Satellites for Rocket Parts


The Russian Space Agency is holding hostage 36 satellites, asking for parts of the Soyuz rocket being held in French Guiana in exchange for releasing the satellites. The question is, why is Russia asking for these parts and why are they holding satellites captive?

It started when Dmitry Rogozin, former Roscosmos (State Space Corporation) chief, cut ties in retaliation with Europe when Western nations introduced unparalleled sanctions against Russia in efforts to change Russian “political behavior” in relations to the Ukrainian war. In doing so, it cut ties with a contract that was being held up with OneWeb, a British company that launches satellites along the Soyuz rockets.

When the company refused to cooperate with demands sent by Roscosmos, Russia decided to keep the satellites from the company and store them indefinitely in Baikonur, Kazakhstan in a launch center. The Indian Space Agency and SpaceX joined with Roscosmos to send the satellites into space while the 36 hostage satellites sit in a warehouse on the launch site.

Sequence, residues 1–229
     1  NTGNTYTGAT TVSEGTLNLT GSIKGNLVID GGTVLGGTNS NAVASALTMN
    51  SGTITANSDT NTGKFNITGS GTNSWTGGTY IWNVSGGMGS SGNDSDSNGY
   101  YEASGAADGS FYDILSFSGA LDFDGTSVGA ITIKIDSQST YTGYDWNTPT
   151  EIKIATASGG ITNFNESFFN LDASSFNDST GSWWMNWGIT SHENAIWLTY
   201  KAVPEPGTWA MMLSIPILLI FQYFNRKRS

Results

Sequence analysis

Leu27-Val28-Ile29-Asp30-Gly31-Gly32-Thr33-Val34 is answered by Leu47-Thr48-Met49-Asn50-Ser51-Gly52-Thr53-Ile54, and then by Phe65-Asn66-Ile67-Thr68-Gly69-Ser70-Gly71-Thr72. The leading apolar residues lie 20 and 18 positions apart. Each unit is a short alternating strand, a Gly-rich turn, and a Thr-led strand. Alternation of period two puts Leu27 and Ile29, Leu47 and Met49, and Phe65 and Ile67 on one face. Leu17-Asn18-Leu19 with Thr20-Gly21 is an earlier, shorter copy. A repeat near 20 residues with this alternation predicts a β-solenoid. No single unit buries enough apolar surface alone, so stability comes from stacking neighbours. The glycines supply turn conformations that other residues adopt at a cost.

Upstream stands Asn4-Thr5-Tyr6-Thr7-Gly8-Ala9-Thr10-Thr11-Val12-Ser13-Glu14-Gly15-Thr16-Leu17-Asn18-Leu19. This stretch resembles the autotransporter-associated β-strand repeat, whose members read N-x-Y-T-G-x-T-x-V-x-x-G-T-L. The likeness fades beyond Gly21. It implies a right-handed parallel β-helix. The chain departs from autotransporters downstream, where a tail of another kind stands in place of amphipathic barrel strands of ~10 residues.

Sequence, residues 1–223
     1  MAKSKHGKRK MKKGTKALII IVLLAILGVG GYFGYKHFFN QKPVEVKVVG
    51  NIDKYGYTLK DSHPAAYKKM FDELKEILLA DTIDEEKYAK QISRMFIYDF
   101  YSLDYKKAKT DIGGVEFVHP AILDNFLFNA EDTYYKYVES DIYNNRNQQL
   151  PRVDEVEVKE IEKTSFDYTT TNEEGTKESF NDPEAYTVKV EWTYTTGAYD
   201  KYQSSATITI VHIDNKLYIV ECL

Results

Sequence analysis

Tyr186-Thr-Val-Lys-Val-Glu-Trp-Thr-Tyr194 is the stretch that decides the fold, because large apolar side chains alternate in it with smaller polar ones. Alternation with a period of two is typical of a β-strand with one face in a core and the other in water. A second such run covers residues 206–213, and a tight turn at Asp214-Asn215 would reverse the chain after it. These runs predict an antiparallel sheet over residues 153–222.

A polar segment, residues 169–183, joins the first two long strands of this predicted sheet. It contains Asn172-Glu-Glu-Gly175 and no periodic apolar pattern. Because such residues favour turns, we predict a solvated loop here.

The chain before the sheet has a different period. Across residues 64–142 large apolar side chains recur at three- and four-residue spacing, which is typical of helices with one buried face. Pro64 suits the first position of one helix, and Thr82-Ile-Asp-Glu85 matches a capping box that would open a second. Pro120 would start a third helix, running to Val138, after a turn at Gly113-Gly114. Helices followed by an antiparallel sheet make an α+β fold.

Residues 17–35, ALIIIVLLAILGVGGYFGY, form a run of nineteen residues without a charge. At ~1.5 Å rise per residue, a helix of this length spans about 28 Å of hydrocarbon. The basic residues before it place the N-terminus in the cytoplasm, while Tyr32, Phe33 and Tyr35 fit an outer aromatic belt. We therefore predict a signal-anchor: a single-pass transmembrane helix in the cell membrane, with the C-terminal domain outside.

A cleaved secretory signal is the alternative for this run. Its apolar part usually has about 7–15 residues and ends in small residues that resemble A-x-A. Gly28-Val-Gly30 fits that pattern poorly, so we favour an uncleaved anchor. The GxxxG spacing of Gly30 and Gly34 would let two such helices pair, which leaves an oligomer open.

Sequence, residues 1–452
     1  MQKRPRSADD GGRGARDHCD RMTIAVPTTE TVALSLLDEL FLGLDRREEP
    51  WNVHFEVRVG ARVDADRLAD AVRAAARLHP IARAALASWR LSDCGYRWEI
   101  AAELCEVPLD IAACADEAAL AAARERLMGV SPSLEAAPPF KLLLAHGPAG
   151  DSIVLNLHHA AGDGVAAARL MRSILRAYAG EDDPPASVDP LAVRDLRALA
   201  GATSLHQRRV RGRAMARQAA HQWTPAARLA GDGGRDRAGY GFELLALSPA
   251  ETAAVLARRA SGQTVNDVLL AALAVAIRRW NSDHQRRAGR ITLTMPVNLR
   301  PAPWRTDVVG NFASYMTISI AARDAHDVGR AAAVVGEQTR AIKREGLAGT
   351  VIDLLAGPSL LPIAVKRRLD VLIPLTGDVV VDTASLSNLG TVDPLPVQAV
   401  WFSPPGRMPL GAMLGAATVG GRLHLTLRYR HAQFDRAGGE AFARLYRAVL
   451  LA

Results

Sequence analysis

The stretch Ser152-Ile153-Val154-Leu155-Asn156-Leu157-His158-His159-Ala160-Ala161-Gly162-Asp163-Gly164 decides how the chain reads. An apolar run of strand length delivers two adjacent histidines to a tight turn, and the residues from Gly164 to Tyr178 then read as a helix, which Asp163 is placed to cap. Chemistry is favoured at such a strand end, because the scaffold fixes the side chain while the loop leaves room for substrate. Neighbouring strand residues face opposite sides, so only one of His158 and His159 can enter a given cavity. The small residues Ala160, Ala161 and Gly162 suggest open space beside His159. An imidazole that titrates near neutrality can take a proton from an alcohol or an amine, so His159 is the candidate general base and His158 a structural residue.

Rogozin has resigned from Roscosmos, making the agency take more of a diplomatic approach to partnerships. Negotiations are moving slower than anticipated due to logistics that need to be figured out. For example, negotiators are trying to return to French Guiana for the rocket parts, but it is made difficult due to broken ties.

Whether or not Russia and Europe will partner again is yet to be seen and an agreement between them is not entirely impossible. Meanwhile, Russian rockets are running out of parts.

Photo blurb A Soyuz-2.1b rocket booster with a Fregat upper stage carrying British OneWeb satellites is being transported from an assembling facility to a launch pad at the Baikonur Cosmodrome. The launch is scheduled for 5 March 2022 at 01:41 Moscow time. (Photo by Roscosmos Press OfficeTASS via Getty Images)